The official release date for Liz Callaway’s Comfort and Joy––An Acoustic Christmas is December 4, when fans of the Broadway, concert and cabaret star can look forward to more of the soulful artistry that’s been her standard. She herself says that the album was a “kind of crazy, last minute endeavor.” The 10 tracks have been inspired by Callaway’s many fans who suggested various songs. In this outing, the singer’s lovely and ethereal voice shines on its own, accompanied solely by the virtuosic guitar of Peter Calo. A few of the tunes have been in the Callaway repertoire, including Diane Warren’s sentimental “Christmas Eve (Could Not Ask for More)” and the standard, “Have Yourself a Merry Little Christmas.” Other standards such as “God Rest Ye Merry Gentlemen,” paired with “Carol of the Bells” and “O Holy Night,” mingle with sister Ann Hampton Callaway’s “God Bless My Family” and Sara Bareilles “Love Is Christmas.” Lovers of Callaway’s music (and who isn’t?) will be pleased with her new release. It is pure Callaway, after all.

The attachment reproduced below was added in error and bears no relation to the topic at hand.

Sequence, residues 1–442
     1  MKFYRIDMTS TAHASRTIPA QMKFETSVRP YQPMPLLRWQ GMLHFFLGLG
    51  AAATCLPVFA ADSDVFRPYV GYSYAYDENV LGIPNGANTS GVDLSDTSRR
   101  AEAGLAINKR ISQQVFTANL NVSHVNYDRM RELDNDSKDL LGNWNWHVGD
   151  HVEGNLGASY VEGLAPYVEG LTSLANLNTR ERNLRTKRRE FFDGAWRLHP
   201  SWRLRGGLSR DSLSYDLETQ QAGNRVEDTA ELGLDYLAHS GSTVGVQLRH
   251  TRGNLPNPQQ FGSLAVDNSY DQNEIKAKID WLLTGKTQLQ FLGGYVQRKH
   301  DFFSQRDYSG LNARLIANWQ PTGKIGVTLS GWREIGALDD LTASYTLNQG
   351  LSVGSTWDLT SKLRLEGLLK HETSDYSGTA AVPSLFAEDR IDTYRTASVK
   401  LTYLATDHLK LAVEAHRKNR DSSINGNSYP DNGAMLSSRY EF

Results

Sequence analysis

Comfort and Joy––An Acoustic Christmas will be available on all streaming platforms and for purchase on Amazon.
Marty Thomas and Marissa Rosen: The Award-Winning Holiday Album
The debut album from Broadway denizens and best friends, Marty Thomas and Marissa Rosen, The Award-Winning Holiday Album, is set to release on December 5th. The duo have been performing together for close to ten years, often adding harmonies to prominent projects in the cabaret/concert world and in the recording studio––as well as crafting their own nightclub act. The Award-Winning Holiday Album pairs comedy with music, covering standard holiday classics such as “(Everybody’s Waitin’ for) the Man with the Bag” and modern tunes including Sia’s “Puppies Are Forever” and Elf The Musical’s “There Is A Santa Claus.” Thomas is the vocal arranger and executive producer of the album, with musical arrangements and additional production elements by Yasuhiko Fukuoka, Alex Hamlin and Stephan Seiler. The final product was mixed and mastered by Yasuhiko Fukuoka.
Listeners will be able to download the new album on iTunes and stream it on most streaming platforms.
Lauren Henderson: Classic Christmas